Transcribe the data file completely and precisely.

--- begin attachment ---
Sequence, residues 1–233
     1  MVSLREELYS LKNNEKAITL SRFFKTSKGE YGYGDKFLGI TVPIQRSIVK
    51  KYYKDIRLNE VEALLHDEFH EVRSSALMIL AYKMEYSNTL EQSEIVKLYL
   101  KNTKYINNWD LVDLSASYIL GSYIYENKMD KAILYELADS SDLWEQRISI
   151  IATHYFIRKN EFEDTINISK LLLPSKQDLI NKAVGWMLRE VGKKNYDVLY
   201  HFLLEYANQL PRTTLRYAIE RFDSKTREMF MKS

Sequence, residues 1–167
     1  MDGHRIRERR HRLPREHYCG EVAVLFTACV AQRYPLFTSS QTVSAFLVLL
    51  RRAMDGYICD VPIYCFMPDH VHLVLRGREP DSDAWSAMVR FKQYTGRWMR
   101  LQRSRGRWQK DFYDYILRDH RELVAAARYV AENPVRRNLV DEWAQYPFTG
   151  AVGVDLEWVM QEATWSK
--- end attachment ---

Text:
Sequence, residues 1–233
     1  MVSLREELYS LKNNEKAITL SRFFKTSKGE YGYGDKFLGI TVPIQRSIVK
    51  KYYKDIRLNE VEALLHDEFH EVRSSALMIL AYKMEYSNTL EQSEIVKLYL
   101  KNTKYINNWD LVDLSASYIL GSYIYENKMD KAILYELADS SDLWEQRISI
   151  IATHYFIRKN EFEDTINISK LLLPSKQDLI NKAVGWMLRE VGKKNYDVLY
   201  HFLLEYANQL PRTTLRYAIE RFDSKTREMF MKS

Sequence, residues 1–167
     1  MDGHRIRERR HRLPREHYCG EVAVLFTACV AQRYPLFTSS QTVSAFLVLL
    51  RRAMDGYICD VPIYCFMPDH VHLVLRGREP DSDAWSAMVR FKQYTGRWMR
   101  LQRSRGRWQK DFYDYILRDH RELVAAARYV AENPVRRNLV DEWAQYPFTG
   151  AVGVDLEWVM QEATWSK